This should be the first thing you do regardless of the intensity of the infestation. Vacuuming removes all the active bedbugs, their eggs, feces, and exoskeleton. It’s, however, very effective in cases of a light infestation.
Ensure that you use a vacuum cleaner with a bag during the job so that you can seal up everything and dispose of them outside.
In addition to vacuuming, steam cleaning is also important if you want to kill the bedbugs in your carpet. However, for this to be effective you need to use extremely high temperatures which means you’ll take a lot of time on the carpet.
- Pay extra attention when steaming around the carpet edges and wooden crevices so that the heat penetrates through the carpet and kills all the bedbugs.
- To be effective, flip the carpet and steam the underside as well. This way, you’ll get rid of any stains and bugs that would be hiding there.
- If you don’t have a steam cleaner, you can rent one, purchase it online or hire a professional to do it for you.
- Once the carpet is dry, remember to vacuum over it again to ensure you eliminate the bedbugs completely.
Use Diatomaceous Earth
If you want a completely natural and safe alternative to kill your bedbugs, diatomaceous earth is your treatment. This repellant gets rid of bedbugs in two ways, dehydrating them and also damaging their exoskeleton.
However, the bugs don’t die instantly, it can take as long as two weeks for the bedbugs to finally die.
Since the diatomaceous earth comes in powder form, you can spray it over all the infested edges of the carpet.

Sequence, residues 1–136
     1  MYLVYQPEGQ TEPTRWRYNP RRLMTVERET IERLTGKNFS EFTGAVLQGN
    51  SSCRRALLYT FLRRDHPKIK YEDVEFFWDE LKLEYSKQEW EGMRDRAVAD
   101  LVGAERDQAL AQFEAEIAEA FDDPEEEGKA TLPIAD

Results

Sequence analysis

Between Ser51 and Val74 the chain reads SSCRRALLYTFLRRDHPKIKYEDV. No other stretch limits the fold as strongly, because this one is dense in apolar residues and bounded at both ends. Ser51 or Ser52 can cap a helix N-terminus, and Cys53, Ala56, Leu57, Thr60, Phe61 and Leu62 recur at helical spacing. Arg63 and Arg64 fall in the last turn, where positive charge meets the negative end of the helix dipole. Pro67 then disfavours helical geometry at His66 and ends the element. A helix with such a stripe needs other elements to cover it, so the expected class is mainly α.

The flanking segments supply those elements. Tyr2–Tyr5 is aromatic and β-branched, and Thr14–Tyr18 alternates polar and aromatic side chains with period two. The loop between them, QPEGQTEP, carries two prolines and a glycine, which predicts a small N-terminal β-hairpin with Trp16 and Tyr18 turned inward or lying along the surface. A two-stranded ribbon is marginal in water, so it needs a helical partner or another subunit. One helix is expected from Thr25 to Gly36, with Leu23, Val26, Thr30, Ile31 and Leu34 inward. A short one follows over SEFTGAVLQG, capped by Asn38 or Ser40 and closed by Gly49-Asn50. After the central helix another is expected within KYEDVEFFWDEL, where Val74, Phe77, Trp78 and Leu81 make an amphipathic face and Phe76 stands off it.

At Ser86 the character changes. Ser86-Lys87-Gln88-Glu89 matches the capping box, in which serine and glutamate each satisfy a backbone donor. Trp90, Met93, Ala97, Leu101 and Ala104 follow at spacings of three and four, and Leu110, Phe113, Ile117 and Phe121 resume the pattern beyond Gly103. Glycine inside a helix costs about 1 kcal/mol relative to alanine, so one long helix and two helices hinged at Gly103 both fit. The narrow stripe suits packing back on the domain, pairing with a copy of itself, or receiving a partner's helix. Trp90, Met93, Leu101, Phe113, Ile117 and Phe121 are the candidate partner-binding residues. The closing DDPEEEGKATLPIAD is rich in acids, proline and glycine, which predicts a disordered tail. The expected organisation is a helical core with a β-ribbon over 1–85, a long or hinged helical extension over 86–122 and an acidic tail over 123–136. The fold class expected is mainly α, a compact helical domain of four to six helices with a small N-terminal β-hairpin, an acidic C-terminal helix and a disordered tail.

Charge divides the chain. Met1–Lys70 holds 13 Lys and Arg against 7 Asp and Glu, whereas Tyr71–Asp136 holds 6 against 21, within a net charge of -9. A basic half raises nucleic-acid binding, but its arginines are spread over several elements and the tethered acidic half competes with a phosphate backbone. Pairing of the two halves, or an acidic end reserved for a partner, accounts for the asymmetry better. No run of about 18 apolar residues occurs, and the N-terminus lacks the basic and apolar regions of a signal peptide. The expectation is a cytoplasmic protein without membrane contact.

After application, leave it on the carpet for at least a week for you to see any result. As such, ensure it’s moved to a room with minimal foot traffic.
|Severity of Infestation||Treatment Method|
|Light infestation||Vacuum the carpet|
|Medium infestation||Diatomaceous Earth|
|Medium infestation||Steam cleaning|
|Medium infestation||Bed bug sprays and chemicals|
|Heavy infestation||Industrial heat treatment|
How To Prevent Bedbugs From Getting Back Into My Carpets
Once your carpet is washed, vacuumed, and finally free from bed bugs, your last step should be ensuring that bedbugs can’t get back onto it. The best way to do this is by:
Check Your Luggage When You Travel
Most people pick up bedbugs when traveling, especially if your trip involves staying in a hotel or using public transport. This is why if you’re traveling, always check your luggage before getting into the house.
Additionally, once you’re in the house, don’t be quick to place the luggage on your carpet. If possible, unpack quickly and place the suitcase outside or place a protective cover on it for a few weeks.
Clean and Vacuum Your Carpet Regularly
You also want to regularly power wash your carpet and vacuum it as well. Doing this will ensure that bed bugs don’t have the time to breed and multiply beneath the carpet.
It’ll also help you get rid of any bed bugs that could have survived your treatments.
Avoid Buying Second-Hand Carpets
Second-hand carpets may be cheap, but they aren’t guaranteed to be bedbug-free. Most people dispose of their carpets if they discover that they’re infested with these creepy bugs, or put them up for sale at a discount price.
You should, therefore, do a thorough inspection of the carpet before taking it home. Check the carpet’s edges and corners looking for bed bugs, their eggs, or even their exoskeletons.
But to be safe, we recommend splashing that extra cash on a new carpet.
Not necessarily. While there are shampoos that can kill bedbugs, most shampoos aren’t effective on carpets. Additionally, shampoo only treats one side of the carpet and doesn’t penetrate to clean the bottom side.
Heat or steam treatments. Bed Bugs typically die instantly when exposed to temperatures above 212°F (100°C). That’s why these treatments are often the most recommended among exterminators.
Adult bed bugs are known to live for up to a year without feeding on a host, and up to 6 months for the young bedbugs. They can, therefore, easily hide under your carpet for more than a year.
Not really. As long as there’s a host in the house, including pets, bedbugs will stay in your house. You’ll, therefore, have to invest in a treatment method to completely get rid of them.